How to use properly anti-aliasing modes and increase the video rate in LCD TVs when connecting to PC
Today's LCD TVs that are in the medium price ranges often have the mode of expansion rate up to 100-200 Hz due to the technical tricks of picture perception by person.
For example, TrueMotion technology in LG TVs, Motion Plus in Samsung, Perfect Natural Motion in Philips, and RealCinema in Panasonic.
How can we use them properly when connecting to a PC?
If you know what the scanning expansion and the video smoothing technologies are in TVs just skip it.
When receiving an input signal (let’s say 50Hz) a TV set simply shows each frame twice that would stretch the entire process up to 100 Hz in regular mode. This does not make a lot of sense. How does technology affect the image smoothing to make us believe in the real 100Hz picture? The technology is not new and is quite simple. When receiving an image of input signal TV delays 1-2 frames before the showing and begins to compute the shift difference between adjacent frames to create its own, an intermediate image between them.
TV processor, depending on the algorithms computes scene shift objects, background and other parameters, creating on the basis of all data a frame, which will smooth the changeover between two real frames received from the source. Especially, this effect becomes noticeable when there is the panoramic shooting with shifting background, the computation of intermediate frames allow reducing the shift background gaps between frames, which makes the resulting image is much smoother (in 2-4 times).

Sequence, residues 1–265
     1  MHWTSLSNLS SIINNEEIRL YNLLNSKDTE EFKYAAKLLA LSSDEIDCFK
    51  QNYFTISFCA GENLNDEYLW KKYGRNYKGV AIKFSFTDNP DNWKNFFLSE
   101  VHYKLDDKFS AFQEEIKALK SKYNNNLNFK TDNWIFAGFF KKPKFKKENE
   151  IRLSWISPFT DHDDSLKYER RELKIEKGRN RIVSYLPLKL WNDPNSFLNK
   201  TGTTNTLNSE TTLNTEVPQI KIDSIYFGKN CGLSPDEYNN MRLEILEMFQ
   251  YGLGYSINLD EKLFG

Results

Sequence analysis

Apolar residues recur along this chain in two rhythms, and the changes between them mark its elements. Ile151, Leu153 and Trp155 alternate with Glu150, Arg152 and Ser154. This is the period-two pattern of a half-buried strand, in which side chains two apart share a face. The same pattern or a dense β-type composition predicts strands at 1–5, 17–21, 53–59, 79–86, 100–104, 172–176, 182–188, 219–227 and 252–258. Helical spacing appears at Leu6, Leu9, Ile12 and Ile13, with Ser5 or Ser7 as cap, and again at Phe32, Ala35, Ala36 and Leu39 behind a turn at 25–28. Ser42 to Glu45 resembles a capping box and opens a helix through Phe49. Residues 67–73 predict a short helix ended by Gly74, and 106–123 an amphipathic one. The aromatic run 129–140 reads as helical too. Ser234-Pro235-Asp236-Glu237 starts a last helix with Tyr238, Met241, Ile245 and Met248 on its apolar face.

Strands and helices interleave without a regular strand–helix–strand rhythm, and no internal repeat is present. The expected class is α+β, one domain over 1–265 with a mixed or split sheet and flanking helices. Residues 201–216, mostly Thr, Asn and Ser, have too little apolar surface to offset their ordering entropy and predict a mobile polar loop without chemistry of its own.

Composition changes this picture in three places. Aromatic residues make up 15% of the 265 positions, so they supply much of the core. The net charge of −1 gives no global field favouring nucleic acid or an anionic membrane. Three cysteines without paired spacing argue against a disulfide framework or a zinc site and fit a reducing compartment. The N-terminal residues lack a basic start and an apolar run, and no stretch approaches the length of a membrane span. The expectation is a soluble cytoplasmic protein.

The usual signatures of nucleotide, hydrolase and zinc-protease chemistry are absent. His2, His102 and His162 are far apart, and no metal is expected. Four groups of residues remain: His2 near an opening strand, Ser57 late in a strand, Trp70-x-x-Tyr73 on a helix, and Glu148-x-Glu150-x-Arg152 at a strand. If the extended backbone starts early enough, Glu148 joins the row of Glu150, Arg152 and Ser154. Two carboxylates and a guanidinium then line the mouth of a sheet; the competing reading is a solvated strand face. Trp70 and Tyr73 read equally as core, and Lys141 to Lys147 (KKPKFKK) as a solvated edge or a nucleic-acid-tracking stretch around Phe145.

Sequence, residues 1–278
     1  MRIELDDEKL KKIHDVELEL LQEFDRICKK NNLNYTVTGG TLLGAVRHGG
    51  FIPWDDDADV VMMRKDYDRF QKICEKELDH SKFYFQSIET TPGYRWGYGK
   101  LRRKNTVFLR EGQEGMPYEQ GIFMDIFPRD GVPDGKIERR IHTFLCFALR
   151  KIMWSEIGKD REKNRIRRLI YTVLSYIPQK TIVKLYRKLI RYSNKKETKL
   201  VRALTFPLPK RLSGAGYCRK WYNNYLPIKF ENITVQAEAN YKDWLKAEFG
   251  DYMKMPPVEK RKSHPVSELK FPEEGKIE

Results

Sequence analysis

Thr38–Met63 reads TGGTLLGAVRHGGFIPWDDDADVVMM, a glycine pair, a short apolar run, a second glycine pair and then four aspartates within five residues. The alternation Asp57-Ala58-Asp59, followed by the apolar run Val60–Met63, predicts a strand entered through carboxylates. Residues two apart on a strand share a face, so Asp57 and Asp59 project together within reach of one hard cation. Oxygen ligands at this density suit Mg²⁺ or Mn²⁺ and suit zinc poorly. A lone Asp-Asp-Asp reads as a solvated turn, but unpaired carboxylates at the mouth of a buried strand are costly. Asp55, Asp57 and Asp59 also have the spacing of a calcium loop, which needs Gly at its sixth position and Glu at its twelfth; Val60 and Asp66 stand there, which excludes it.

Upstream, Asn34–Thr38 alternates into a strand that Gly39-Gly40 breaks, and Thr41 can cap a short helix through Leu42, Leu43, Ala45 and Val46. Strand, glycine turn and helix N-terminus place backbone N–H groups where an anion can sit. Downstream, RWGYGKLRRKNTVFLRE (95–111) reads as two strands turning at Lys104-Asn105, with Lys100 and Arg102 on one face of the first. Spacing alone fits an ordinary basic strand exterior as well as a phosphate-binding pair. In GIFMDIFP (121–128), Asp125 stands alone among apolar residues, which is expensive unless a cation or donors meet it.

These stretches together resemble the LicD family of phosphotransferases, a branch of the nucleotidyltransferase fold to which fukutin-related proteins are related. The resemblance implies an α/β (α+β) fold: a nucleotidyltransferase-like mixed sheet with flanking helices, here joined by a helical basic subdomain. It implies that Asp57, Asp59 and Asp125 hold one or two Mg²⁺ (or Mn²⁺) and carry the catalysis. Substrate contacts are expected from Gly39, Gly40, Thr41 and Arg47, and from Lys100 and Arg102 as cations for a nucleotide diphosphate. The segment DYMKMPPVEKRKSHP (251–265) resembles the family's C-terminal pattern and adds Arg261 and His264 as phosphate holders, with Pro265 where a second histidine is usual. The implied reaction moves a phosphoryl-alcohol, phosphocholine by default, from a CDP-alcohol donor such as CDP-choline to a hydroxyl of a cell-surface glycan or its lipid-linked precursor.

But there is one difficulty that made me to write this article.
It would seem that we have a computer and a graphics card with HDMI output, let them deal with anti-aliasing and other processing, why do we need all these tricks with the TV set? Everything is fine, but that's just depending on the graphics card and TV the signal can be transmitted over HDMI cable with the maximum possible frequency 50-60Hz (in expansion of 1080p). 60Hz is quite far from 100 Hz. It is foolish not to use all the equipment. Okay, let's say we have a ceiling of 50 Hz; we can also enable anti-aliasing at this frequency. Here begins the main trick. Basically, all digital movies have only ~ 24 frames / second (even Mega Blu-ray Remux of 40GB). A final picture of the video is received by the same simple trick – smearing frames to get the desired frequency, but in this case, all those things are done by the graphics card with a video processor and software video players.
So, let’s take a look at the result - we took the film in ~ 24Hz (frames per second) - stretched it using a PC up to 50Hz, and then it gave the TV that is trying to stretch it even before receiving the 100Hz. The result is a funny image. The image begins to floating. It slows down then speeds up, and periodically it freezes for a split second. Watching the video in this mode is close to the hell, although the picture gets smoother and bumpless, but the constant change of speed and jerks after 10 minutes of watching cause strong desire to turn this nightmare. What's the problem? It is a double work on the video. Working algorithms on the PC and the TV are not synchronized with each other and they get the output of the mutant made of the different pieces.